15 Minute After-School Special Noodles is a recipe that has been our constant companion over the years. When I was eleven years old, my parents finally (“finally?”) deemed me and my sister old enough to stay home alone from when school let out at 2:45 to when they came home from work at 6:30. Before that, it was after school programs, and even a short stint with a Chinese nanny who would pick us up from school with her hair in hot rollers and a shower cap over her head (not great for a 3rd grader’s street cred).
Being able to walk the short 10 minutes from school to home, having our own set of house keys, and spending our allowance money on a Bomb Pop or Chipwich at the ice cream truck down the street––it was pure freedom.
But the best part of our afternoon routine was always the hour between 3:00 and 4:00 PM. This was when we would turn on the TV, enjoy some quality programming on Nickelodeon or PBS, and whip up our after-school snack (It wasn’t exactly milk and cookies. It was really more of a meal, but yeah, let’s call it a snack).
We were cooking in the kitchen early as kids, and our mother had instilled in us a respect for kitchen safety (“Don’t EVER walk away from the stove while it’s on.”) that allowed us to whip up simple dishes for ourselves. And of all our options, the dish that we now call, “The After-School Special” was our favorite. You could be on the couch with a big bowl of noodles in 15 minutes flat.
The After School Special noodles recipe below isn’t exactly a recipe. It’s more a set of guidelines. You won’t see any exact quantities, and that’s on purpose. At it’s core, the After-School Special is made up of just three components: noodles or pasta, soy sauce, and sesame oil. It was my mother’s invention. The Chinese mom’s version of your run-of-the-mill pasta with butter and cheese, if you will. We always had those ingredients in the pantry––boxes of pasta were abundant, and a home without soy sauce and sesame oil in the cabinet next to the stove wasn’t a home at all. The general idea is: make however much pasta you want, and season it to suit your own personal taste.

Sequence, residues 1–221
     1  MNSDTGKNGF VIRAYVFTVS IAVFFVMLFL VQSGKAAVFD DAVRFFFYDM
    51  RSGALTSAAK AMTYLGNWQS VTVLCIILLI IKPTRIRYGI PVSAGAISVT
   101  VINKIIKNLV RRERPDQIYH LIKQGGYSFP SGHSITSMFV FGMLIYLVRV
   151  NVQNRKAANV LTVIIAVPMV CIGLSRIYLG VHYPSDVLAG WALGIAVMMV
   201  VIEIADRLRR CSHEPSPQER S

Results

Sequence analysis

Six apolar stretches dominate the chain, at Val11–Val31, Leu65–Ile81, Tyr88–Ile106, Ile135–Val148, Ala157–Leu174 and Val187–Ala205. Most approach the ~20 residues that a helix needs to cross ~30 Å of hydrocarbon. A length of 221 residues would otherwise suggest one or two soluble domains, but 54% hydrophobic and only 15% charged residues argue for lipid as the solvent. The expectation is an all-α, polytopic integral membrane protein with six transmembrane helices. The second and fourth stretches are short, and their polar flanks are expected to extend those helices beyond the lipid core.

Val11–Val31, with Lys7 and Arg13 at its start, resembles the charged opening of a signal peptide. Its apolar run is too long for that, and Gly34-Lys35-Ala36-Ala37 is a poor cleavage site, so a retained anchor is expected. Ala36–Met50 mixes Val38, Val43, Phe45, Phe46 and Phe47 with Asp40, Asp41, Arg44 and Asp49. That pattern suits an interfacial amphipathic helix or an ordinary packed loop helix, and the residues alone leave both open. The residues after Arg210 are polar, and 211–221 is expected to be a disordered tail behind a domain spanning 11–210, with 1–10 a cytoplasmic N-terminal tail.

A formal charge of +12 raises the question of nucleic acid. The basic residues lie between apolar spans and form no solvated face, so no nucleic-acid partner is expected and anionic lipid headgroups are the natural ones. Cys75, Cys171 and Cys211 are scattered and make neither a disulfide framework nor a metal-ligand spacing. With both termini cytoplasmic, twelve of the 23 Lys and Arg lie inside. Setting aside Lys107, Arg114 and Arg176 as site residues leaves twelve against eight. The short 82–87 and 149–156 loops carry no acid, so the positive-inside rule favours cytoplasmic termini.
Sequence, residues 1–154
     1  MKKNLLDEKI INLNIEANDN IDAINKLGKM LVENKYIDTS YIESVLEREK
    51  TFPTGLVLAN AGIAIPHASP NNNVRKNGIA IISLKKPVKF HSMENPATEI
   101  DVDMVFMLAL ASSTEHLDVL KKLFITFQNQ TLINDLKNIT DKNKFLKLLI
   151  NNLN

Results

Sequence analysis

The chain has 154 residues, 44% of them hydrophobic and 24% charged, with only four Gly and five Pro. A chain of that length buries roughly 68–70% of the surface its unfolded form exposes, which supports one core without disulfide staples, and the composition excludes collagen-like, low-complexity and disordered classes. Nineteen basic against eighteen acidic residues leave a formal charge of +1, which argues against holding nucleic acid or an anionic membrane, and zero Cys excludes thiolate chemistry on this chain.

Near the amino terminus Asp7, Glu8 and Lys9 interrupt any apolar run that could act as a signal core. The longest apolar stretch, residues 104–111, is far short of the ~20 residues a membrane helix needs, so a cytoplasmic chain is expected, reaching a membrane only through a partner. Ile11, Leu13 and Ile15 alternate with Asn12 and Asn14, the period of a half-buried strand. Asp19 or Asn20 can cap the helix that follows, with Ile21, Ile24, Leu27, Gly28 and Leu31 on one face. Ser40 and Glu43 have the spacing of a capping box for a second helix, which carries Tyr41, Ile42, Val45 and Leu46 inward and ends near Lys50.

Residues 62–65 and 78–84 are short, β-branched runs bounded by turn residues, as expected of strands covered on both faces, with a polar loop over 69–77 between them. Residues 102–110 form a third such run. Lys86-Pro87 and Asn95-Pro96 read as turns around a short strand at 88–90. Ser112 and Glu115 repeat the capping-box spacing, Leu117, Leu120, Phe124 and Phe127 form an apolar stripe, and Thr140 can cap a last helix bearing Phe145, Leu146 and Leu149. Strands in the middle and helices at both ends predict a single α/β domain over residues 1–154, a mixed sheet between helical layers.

As we got older, we started adding additional elements. We would add a dollop of chili sauce here, a sprinkling of white pepper there. If we were feeling extra fancy, we would chop up a scallion and put it on top.
If your next question is, “Do you still eat this now that you’re, you know, adults?”
My answer is: “Duh. Of course we do.”
Here’s what you need:
- Any dried pasta (angel hair, spaghetti, linguini––we would even make it with short cut pasta like penne if that was all we had in the pantry that day)
- Soy sauce
- Sesame oil
- White pepper (optional)
- Chili oil (optional––see note below)
- chopped scallions (optional)
Here’s how to make it:
Cook the pasta according to package directions.
Toss with soy sauce and sesame oil to taste. If using, mix in white pepper, chili oil, and scallions to taste.
Make sure to add condiments in small quantities as you’re mixing the noodles together––especially the soy sauce. It can get salty very quickly. Add the sauces a teaspoon at a time, try the noodles, and add a little more if needed. Enjoy these After-School special noodles any time of the day!
A Note on Chili Oil:
We used Kaitlin’s Chiu Chow Chili Oil for the version photographed in this post, but with such a wide variety of chili oil/chili sauce options out there, you can really make this element your own.
If you want to make your own spicy condiment, here are a couple essential recipes:
If you’d rather go the store-bought route, here are a few options:
- Any store-bought chili oil
- Laoganma Spicy Chili Crisp Sauce
- Laoganma Chili Black Bean Sauce
- Chili Garlic Sauce
Check out our Chinese Sauces, Vinegars & Oils page for more info!
The After-School Special
- Cook the pasta according to package directions. Drain. Toss with soy sauce and sesame oil to taste. If using, mix in white pepper, chili oil, and scallions to taste.
- Make sure to add condiments in small quantities as you’re mixing the noodles together, especially the soy sauce––it can get salty very quickly. Add the soy sauce a teaspoon at a time.